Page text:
Friday, June 25, 2010

Military's pain relief programs fall short

Army surgeon general Lt. Gen. Eric Schoomaker

By Gregg Zoroya, USA TODAY

WASHINGTON — The military's failure to provide consistent and coordinated pain relief to troops contributes to suicides, prescription drug abuse and aggravates cases of mental illness and brain injury, according to an Army task force investigation.

Prescribing doctors rely too often on narcotic pain relievers, while a "no pain, no gain" military culture encourages troops to ignore injuries until discomfort becomes chronic, says the 169-page task force report released Wednesday.

The 22-member task force was created last year to examine how the military treats wound and injury pain — a growing consequence of the wars in Iraq and Afghanistan — and develop a comprehensive plan to treat it.

The Pentagon must reorganize how it deals with troops in pain, including training and hiring more pain-management specialists and finding different methods of pain relief other than narcotics, the report says.

Lt. Gen. Eric Schoomaker, the Army surgeon general, said in a statement that the report will help the entire military improve how it handles pain management.

Prescription drug abuse in the military is rising, records show. About 22% of troops said they abused pain drugs in the previous year, a 2008 Pentagon health survey showed, and 13% said they had done so in the previous 30 days.

The military fails to screen ailing servicemembers for their risk of substance abuse, the report says. It calls for screening troops to help doctors better manage those prone to drug dependency. Forty-five percent of troops in the military health care system may be at risk for substance abuse, the report says.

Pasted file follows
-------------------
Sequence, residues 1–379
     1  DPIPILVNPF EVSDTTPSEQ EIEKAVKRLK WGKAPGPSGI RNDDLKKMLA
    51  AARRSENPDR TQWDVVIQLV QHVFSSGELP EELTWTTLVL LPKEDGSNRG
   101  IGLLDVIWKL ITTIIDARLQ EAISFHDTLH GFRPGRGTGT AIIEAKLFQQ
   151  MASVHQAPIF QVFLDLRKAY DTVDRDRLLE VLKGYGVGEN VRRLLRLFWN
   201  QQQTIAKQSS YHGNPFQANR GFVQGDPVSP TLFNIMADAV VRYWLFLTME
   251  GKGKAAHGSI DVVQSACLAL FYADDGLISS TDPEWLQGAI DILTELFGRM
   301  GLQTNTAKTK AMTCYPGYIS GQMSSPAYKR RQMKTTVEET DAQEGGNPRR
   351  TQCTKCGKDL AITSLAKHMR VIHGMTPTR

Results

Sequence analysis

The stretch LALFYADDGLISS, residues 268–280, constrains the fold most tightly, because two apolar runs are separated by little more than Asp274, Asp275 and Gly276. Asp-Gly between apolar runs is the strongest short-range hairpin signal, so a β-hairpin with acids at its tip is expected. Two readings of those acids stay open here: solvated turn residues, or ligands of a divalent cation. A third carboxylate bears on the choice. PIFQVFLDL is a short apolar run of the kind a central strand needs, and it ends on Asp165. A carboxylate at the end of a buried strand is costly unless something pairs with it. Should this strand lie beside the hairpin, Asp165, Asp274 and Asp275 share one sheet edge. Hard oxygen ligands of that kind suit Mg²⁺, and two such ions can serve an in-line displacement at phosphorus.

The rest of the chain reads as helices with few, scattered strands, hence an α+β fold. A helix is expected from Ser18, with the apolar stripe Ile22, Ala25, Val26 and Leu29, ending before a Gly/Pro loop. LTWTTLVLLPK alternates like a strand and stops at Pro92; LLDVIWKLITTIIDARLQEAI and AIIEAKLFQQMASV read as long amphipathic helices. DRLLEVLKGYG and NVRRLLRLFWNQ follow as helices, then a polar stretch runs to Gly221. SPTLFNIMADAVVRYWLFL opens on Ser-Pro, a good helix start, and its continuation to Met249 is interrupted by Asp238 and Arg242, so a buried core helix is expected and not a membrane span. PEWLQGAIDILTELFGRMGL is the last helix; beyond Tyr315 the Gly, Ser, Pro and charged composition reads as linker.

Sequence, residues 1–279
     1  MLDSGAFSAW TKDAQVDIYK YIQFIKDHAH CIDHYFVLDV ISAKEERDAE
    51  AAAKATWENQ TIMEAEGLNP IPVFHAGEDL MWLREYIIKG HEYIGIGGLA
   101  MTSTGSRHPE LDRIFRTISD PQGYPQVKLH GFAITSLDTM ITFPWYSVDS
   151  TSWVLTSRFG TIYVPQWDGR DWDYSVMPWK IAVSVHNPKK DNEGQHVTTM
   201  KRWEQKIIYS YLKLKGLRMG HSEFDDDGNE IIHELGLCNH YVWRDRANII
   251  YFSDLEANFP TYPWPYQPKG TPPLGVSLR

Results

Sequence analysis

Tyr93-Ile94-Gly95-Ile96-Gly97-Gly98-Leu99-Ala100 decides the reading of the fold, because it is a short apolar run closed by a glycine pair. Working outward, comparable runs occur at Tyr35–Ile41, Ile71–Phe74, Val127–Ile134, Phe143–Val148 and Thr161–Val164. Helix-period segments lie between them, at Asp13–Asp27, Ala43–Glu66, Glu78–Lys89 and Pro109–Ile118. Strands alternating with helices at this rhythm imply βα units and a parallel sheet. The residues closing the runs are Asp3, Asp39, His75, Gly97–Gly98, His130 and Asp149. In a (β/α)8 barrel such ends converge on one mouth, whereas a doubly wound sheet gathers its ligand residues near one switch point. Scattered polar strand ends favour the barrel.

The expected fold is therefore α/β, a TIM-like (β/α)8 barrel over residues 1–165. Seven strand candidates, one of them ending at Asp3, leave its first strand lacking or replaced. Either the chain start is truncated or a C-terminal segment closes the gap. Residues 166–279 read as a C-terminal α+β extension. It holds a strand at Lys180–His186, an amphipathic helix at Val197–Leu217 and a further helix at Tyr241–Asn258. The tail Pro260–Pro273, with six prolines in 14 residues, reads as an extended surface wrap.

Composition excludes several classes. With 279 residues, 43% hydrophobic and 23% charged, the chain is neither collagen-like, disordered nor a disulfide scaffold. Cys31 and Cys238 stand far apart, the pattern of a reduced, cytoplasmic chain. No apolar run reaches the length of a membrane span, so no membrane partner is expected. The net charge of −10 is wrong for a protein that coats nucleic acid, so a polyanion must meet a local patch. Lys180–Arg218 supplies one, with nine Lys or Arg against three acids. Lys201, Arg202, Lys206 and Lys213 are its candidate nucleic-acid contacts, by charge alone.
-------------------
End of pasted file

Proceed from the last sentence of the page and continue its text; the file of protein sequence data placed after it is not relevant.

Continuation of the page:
"It is basically saying, 'Let's take a look at what we need to do and why we need to do it and be very honest with ourselves,' " says Rollin Gallagher, the Department of Veterans Affairs' pain management director and task force member.

The military health care system doesn't identify ailing troops early enough or say, " 'We know that you guys have come off a really hard deployment. Everybody's got aches and pains. … Let's give you time to heal and get better,' " says Stephen Xenakis, a psychiatrist and retired Army brigadier general who assisted the task force.

Schoomaker said the military will examine alternatives to painkillers.

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